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At a time when the Christian church faces an ever-increasing challenge from a secular and pluralistic culture, leading apologist Norman Geisler provides a substantive resource for answering the challenge. "Christian Apologetics" addresses issues such as Deism, Theism, Christ's authority, and inspiration of the Bible. Geisler's systematic approach presents both methods and At a time when the Christian church faces an ever-increasing challenge from a secular and pluralistic culture, leading apologist Norman Geisler provides a substantive resource for answering the challenge. "Christian Apologetics" addresses issues such as Deism, Theism, Christ's authority, and inspiration of the Bible. Geisler's systematic approach presents both methods and reasons for defending the claims of Christianity. (58)


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At a time when the Christian church faces an ever-increasing challenge from a secular and pluralistic culture, leading apologist Norman Geisler provides a substantive resource for answering the challenge. "Christian Apologetics" addresses issues such as Deism, Theism, Christ's authority, and inspiration of the Bible. Geisler's systematic approach presents both methods and At a time when the Christian church faces an ever-increasing challenge from a secular and pluralistic culture, leading apologist Norman Geisler provides a substantive resource for answering the challenge. "Christian Apologetics" addresses issues such as Deism, Theism, Christ's authority, and inspiration of the Bible. Geisler's systematic approach presents both methods and reasons for defending the claims of Christianity. (58)

30 review for Christian Apologetics

  1. 5 out of 5

    Tom Talamantez

    If you have not studied apologetics up to now, this is a good place to start. If you have had some philosophy, that will be helpful as you are going to dive into areas of epistemology, rationalism, empiricism and evaluate worldviews of some of the classic western philosophers. This is a classical approach to apologetics, not presuppositional. Basically, classical starts with using reason to inductively and deductively move someone from where they are at to a place where they can read scripture w If you have not studied apologetics up to now, this is a good place to start. If you have had some philosophy, that will be helpful as you are going to dive into areas of epistemology, rationalism, empiricism and evaluate worldviews of some of the classic western philosophers. This is a classical approach to apologetics, not presuppositional. Basically, classical starts with using reason to inductively and deductively move someone from where they are at to a place where they can read scripture with some conviction that it is true. Presuppositional starts with the Bible as the primary source for evangelism, even if talking to an atheist. Personally, I think that there is a place for both schools of thought depending on the seeker. I lean classical, but either way we should have discernment for the situation recognizing that it is the Holy Spirit who convicts of sin, righteousness and judgement. The book itself is well written and follows a logical progression from understanding what truth is to evaluating belief systems, then applying epistemology to Christianity. This book will give you some foundational knowledge for evaluating any belief system that you encounter whether that be religion, philosophy, or cultural trends like post modernism. If you desire to love God with all of your heart, soul, mind and strength, this is a good one to train your mind.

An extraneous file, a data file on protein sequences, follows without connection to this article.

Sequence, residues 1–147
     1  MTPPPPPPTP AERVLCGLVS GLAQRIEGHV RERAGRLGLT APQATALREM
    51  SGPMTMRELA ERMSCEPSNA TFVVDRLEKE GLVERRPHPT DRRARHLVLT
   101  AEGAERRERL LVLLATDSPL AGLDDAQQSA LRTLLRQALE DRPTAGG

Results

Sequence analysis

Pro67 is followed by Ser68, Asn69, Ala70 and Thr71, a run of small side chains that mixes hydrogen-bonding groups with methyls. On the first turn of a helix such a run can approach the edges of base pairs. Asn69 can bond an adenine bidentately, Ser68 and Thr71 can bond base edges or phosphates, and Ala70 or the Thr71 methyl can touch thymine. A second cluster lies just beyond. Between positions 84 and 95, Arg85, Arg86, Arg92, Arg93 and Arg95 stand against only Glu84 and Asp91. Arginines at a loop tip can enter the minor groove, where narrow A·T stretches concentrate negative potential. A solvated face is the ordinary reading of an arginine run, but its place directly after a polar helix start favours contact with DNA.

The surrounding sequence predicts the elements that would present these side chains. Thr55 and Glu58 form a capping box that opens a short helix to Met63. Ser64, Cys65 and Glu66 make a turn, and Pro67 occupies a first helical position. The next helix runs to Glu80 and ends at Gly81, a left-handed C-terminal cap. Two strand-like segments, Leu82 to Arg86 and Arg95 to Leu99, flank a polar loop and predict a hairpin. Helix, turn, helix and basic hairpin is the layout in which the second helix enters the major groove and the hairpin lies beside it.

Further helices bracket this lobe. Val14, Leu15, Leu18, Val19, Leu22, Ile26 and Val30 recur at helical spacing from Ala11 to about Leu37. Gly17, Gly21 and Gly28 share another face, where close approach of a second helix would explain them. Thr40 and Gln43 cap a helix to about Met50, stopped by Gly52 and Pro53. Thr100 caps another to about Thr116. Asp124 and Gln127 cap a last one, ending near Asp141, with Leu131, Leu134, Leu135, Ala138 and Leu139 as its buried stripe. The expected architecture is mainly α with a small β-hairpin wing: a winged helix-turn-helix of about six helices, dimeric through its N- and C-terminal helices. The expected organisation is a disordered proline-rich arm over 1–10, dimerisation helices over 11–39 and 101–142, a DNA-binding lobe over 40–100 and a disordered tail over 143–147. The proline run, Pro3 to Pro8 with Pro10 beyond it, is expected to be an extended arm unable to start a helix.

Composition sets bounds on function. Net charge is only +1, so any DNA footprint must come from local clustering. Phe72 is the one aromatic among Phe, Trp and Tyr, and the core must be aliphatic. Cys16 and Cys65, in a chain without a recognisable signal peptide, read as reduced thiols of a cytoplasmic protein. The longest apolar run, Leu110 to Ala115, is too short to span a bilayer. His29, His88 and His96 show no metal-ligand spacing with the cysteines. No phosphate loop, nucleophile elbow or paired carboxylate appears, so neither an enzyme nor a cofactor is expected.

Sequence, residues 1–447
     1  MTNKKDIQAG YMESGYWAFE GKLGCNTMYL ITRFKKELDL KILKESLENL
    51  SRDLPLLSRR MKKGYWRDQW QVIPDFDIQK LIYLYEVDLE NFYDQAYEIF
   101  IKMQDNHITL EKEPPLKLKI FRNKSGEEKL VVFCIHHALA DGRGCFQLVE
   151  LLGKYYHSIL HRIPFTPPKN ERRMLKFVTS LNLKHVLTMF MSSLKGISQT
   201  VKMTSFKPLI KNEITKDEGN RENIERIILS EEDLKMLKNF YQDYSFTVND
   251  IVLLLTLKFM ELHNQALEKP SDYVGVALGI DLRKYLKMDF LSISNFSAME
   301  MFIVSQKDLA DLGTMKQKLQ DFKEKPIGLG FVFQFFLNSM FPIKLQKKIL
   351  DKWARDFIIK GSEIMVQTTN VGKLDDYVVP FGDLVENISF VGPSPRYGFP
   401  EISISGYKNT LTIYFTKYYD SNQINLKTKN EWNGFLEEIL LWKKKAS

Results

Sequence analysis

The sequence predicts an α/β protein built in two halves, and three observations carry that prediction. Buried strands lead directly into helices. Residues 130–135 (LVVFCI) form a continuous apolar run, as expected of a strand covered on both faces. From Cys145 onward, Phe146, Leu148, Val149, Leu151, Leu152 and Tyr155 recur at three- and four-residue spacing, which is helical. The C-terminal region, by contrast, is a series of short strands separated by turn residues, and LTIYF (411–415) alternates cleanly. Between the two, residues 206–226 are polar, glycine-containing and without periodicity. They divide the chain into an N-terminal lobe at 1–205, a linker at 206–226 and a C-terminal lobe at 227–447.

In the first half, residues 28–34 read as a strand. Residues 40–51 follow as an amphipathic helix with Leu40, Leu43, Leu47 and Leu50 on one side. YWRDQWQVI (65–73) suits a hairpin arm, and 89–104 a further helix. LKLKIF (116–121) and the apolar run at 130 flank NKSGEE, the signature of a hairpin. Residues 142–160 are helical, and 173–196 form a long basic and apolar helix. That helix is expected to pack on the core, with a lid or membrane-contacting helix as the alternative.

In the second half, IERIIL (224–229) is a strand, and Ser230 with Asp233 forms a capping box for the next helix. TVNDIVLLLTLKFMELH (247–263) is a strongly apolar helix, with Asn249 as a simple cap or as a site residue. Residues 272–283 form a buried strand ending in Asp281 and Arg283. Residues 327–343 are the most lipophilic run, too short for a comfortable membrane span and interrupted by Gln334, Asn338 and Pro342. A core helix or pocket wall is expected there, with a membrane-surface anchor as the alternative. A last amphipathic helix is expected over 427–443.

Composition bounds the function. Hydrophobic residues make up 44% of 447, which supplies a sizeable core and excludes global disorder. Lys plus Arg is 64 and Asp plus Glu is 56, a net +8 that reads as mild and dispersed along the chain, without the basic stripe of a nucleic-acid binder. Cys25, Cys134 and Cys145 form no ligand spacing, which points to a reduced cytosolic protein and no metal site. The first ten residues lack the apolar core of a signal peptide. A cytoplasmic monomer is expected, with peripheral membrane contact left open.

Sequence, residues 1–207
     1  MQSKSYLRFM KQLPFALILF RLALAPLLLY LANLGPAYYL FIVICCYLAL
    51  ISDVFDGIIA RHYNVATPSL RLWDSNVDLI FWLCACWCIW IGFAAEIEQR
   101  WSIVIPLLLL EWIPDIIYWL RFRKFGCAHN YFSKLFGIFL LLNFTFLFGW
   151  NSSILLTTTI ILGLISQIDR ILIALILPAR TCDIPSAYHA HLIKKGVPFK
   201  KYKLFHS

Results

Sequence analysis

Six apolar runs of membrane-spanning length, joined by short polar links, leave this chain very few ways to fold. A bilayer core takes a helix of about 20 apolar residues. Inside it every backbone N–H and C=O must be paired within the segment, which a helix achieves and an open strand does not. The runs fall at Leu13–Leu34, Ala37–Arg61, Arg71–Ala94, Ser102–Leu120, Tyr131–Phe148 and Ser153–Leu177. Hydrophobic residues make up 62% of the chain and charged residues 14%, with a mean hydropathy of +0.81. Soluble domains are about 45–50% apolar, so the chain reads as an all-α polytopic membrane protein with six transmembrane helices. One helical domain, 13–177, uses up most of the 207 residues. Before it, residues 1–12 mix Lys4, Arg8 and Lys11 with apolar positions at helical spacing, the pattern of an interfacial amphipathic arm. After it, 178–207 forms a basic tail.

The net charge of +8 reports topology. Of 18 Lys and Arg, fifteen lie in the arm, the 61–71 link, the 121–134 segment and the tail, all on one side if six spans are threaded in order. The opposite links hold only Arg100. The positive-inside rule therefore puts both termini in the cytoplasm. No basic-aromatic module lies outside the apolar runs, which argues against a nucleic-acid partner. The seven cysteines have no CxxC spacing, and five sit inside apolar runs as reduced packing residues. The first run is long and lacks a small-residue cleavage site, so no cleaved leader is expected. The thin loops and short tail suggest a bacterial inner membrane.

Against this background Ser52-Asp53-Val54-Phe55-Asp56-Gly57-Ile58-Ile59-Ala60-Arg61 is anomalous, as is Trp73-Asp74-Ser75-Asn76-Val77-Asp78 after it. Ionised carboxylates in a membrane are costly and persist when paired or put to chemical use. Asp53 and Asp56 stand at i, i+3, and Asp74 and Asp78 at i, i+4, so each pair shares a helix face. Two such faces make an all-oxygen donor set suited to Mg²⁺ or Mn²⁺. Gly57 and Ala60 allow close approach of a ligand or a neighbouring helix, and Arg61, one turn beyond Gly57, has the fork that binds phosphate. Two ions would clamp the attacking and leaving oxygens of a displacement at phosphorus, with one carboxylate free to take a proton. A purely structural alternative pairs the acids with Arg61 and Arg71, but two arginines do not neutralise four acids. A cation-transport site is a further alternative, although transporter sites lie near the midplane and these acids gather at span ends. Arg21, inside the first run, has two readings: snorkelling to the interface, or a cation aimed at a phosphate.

2. 5 out of 5

    Steve

    A good starting textbook if you are interested in defense of the Christian faith. Clear, concise definitions of various worldviews and explanations of why their truth-tests fail. It also provides an explanation of a truth-test that works and why. This is not an easy book to read, primarily because of the deep thought required by the subject matter.

  3. 4 out of 5

    Vance Gatlin

    Chapter 8 alone is worth the money spent on this book. "Formulating an Adequate Test for Truth" builds a test of worldviews and truth based on logical first principles.

  4. 5 out of 5

    Gene

    I came to realize what a brilliant apologist and gifted writer Norman Geisler was by reading this book. His organizational skills are excellent, making this book not only a good book to read, but also an extremely valuable resource. I learned quite a few things and had my mind changed about some things, too, by reading this book. As to method, the book is split mainly into two sections. In the first part, Geisler examines all the major world views (like agnosticism, atheism, pantheism, panentheis I came to realize what a brilliant apologist and gifted writer Norman Geisler was by reading this book. His organizational skills are excellent, making this book not only a good book to read, but also an extremely valuable resource. I learned quite a few things and had my mind changed about some things, too, by reading this book. As to method, the book is split mainly into two sections. In the first part, Geisler examines all the major world views (like agnosticism, atheism, pantheism, panentheism, deism, and theism) and makes a strong case for the truth claims of theism opposed to the other views. In the second part, he examines historical evidence for the likelihood of Christianity being true as opposed to other theistic beliefs. What I really love is that for each viewpoint he disagrees with, he first presents that viewpoint's strongest case before showing its flaws. It is done in a fair and even-handed manner. This reminds me of the writings of John Henry Newman that used the same method. I used to feel that the historical approach was sufficient in apologetics to make a case for the truth of Christianity. Geisler explains that the evidences for the resurrection of Christ (on which the belief in Christianity is based) are only convincing for those who have already accepted a theistic worldview. If I were to compare the approach of Peter Kreeft to that of Geisler, I see both to be very useful and valuable, but Geisler is perhaps more systematic and Kreeft more accessible for those with no prior education in philosophy. As an aside, I will mention that the views of the pantheists and panentheists were very difficult for me to understand. I found there is more to them than I previously grasped and that to really come to terms with them would require much more effort than just reading a few chapters of this book.